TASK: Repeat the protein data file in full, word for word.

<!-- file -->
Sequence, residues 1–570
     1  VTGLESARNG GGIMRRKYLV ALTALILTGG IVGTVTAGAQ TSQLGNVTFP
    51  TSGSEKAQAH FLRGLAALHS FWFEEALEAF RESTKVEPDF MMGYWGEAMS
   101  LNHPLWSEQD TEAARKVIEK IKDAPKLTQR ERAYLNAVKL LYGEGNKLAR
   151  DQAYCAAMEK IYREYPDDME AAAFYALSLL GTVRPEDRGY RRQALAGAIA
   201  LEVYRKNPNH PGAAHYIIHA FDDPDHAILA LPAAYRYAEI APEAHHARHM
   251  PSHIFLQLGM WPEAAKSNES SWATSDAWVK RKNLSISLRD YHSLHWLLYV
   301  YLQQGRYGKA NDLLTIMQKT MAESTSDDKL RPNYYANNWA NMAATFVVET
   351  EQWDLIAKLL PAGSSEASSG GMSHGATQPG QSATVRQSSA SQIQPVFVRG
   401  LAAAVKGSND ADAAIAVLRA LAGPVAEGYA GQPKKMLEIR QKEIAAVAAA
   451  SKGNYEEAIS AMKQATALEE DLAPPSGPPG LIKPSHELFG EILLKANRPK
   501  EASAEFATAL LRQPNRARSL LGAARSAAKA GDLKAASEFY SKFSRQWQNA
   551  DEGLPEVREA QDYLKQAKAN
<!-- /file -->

Sequence, residues 1–570
     1  VTGLESARNG GGIMRRKYLV ALTALILTGG IVGTVTAGAQ TSQLGNVTFP
    51  TSGSEKAQAH FLRGLAALHS FWFEEALEAF RESTKVEPDF MMGYWGEAMS
   101  LNHPLWSEQD TEAARKVIEK IKDAPKLTQR ERAYLNAVKL LYGEGNKLAR
   151  DQAYCAAMEK IYREYPDDME AAAFYALSLL GTVRPEDRGY RRQALAGAIA
   201  LEVYRKNPNH PGAAHYIIHA FDDPDHAILA LPAAYRYAEI APEAHHARHM
   251  PSHIFLQLGM WPEAAKSNES SWATSDAWVK RKNLSISLRD YHSLHWLLYV
   301  YLQQGRYGKA NDLLTIMQKT MAESTSDDKL RPNYYANNWA NMAATFVVET
   351  EQWDLIAKLL PAGSSEASSG GMSHGATQPG QSATVRQSSA SQIQPVFVRG
   401  LAAAVKGSND ADAAIAVLRA LAGPVAEGYA GQPKKMLEIR QKEIAAVAAA
   451  SKGNYEEAIS AMKQATALEE DLAPPSGPPG LIKPSHELFG EILLKANRPK
   501  EASAEFATAL LRQPNRARSL LGAARSAAKA GDLKAASEFY SKFSRQWQNA
   551  DEGLPEVREA QDYLKQAKAN